There’s a lot more emotions and if you’re interested in going down that rabbit hole, you can see a more comprehensive list of emotions compiled by the Berkeley Well-Being Institute here.

Ad Type

Next, consider what your words accomplished, as a whole.

Did they tell a story?

If so, what type of story…

Reluctant hero
Overcoming against all odds

Did they provide an insight?

What type of insight…

Surface vs Root/underlying problem
Busting a myth or misconception
Contrarian approach to solving the problem
Spotlight on the little known implications of the problem
Showing them an easier, faster, better way out
Removing a barrier they thought they had

Did your ad get straight to the point?

What problem did your ad focus on…
What aspect of the problem did your ad focus on…
What specific situation did your ad talk about?
What benefits did you emphasize?
What barriers did you remove?
Did you reduce or reverse the risk, if so how?

Image Type

Next, analyze your visuals. After all, this is what grabs the attention of your audience as they are scrolling through their feed.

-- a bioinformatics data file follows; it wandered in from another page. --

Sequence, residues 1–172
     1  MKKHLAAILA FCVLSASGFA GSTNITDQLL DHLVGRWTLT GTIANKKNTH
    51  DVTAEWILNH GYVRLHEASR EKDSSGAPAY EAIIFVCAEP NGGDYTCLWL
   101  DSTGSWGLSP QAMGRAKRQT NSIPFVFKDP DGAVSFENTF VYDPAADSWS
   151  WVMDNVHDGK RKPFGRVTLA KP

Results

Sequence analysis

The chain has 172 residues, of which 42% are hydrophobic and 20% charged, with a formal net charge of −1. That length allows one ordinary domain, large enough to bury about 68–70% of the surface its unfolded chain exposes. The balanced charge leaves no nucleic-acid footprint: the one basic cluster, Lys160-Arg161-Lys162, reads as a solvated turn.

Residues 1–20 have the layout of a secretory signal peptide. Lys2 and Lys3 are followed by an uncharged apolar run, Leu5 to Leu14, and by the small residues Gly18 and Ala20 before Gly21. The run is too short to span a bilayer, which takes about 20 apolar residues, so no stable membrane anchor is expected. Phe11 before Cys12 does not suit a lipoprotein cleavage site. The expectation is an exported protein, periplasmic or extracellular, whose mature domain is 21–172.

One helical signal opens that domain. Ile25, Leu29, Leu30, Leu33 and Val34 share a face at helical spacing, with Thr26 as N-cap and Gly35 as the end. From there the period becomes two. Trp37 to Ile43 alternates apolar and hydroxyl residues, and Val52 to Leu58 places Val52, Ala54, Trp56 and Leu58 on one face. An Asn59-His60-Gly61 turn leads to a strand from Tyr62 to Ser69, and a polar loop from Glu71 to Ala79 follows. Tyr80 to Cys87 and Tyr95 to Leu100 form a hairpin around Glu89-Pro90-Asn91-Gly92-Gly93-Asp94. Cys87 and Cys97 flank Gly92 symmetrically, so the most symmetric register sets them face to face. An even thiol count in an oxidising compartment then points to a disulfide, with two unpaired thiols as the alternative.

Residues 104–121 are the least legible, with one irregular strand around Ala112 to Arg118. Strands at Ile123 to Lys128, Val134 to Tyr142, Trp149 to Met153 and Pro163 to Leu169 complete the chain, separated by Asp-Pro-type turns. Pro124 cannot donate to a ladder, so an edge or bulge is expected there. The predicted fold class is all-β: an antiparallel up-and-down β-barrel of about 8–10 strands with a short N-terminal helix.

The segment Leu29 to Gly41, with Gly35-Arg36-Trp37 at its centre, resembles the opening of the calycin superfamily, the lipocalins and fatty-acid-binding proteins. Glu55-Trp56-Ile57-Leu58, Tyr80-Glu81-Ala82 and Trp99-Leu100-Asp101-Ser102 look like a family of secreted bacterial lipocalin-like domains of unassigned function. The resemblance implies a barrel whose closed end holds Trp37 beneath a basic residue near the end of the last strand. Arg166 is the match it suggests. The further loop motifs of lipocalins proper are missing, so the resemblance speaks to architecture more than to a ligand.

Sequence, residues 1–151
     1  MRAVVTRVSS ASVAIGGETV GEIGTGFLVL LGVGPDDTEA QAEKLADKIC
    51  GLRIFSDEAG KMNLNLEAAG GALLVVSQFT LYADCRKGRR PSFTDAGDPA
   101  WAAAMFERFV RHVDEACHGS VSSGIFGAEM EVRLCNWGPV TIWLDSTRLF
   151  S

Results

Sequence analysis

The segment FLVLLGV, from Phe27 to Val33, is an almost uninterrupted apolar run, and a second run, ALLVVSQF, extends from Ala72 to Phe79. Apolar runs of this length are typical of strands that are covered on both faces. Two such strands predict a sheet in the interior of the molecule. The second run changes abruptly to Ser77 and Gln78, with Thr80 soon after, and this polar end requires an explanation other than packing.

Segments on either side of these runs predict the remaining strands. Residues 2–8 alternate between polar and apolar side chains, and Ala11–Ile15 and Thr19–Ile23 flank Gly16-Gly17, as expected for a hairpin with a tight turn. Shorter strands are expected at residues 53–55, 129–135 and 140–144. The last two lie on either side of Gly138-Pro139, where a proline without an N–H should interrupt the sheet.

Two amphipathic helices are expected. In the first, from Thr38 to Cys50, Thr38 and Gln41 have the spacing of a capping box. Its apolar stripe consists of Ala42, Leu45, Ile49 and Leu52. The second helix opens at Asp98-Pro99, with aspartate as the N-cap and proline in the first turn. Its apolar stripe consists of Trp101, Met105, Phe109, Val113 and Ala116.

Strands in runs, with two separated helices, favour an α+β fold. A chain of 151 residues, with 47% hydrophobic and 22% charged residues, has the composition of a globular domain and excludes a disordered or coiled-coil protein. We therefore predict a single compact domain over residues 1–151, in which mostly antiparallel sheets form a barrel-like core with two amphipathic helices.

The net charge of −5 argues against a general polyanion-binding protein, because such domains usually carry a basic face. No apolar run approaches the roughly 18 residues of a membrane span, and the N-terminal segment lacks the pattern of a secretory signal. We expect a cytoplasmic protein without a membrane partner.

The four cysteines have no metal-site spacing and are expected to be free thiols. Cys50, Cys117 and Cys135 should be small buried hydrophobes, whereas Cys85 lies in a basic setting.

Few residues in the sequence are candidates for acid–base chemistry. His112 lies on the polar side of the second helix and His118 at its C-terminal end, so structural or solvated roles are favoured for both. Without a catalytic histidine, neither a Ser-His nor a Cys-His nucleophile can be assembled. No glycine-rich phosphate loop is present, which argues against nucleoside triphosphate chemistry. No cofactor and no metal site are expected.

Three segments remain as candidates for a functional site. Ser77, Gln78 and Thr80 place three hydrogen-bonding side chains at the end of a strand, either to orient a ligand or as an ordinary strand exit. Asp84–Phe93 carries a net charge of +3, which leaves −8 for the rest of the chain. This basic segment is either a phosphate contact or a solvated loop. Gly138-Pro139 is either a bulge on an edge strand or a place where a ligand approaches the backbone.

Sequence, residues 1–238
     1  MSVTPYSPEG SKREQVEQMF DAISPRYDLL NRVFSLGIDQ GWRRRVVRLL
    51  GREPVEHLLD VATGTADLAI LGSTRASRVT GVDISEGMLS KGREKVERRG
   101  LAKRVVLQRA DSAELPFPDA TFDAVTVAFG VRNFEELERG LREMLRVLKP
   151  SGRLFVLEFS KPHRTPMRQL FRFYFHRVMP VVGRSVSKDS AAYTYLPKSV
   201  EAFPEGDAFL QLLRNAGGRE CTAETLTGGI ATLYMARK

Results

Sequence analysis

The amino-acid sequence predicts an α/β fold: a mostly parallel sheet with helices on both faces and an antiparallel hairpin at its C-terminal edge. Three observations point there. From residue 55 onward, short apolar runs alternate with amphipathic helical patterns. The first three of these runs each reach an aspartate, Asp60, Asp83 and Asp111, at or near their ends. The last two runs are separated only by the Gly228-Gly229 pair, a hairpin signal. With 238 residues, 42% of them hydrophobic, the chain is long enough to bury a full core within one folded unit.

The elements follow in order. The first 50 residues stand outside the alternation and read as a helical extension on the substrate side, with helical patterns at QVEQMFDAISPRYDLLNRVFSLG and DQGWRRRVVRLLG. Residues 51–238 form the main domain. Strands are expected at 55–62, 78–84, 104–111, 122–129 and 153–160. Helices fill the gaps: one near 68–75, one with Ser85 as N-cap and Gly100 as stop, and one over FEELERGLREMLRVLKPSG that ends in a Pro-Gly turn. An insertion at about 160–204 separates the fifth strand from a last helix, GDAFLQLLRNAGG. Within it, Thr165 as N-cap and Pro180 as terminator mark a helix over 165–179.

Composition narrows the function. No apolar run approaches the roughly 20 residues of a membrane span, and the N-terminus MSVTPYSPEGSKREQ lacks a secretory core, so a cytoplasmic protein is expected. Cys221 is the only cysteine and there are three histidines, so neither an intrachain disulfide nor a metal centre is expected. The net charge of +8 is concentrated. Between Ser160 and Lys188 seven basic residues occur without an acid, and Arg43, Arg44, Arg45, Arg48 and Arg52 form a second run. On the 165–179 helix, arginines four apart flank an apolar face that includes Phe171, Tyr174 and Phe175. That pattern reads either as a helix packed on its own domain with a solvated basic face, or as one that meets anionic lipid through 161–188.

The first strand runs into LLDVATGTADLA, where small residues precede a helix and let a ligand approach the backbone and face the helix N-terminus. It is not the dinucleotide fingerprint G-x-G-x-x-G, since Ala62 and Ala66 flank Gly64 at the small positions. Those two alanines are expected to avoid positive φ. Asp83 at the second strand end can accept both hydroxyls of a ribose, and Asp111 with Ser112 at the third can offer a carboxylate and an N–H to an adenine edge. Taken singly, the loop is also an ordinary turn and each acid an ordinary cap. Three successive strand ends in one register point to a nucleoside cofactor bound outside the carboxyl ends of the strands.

What type of image was it?

Stock/professional photo
Home-made photo taken on your phone
Image of a person? What type of person? Was the person showing emotion or in a specific pose?
Image of your product? What angle? What all was included in the product image?
What colors were used
What do you think made this particular image grab your audience’s attention?
Did you include a text in the image? What text?

Overall Structure

Last, but not least…

Look at the overall structure of your ad creatives including your body text and your image.

What combination of elements are present and in what order?

Here’s an example…

Let’s say your Ad #7 was a good or game-changer ad.

Here are some of the elements you might point out (of the different elements we’ve discussed so far)…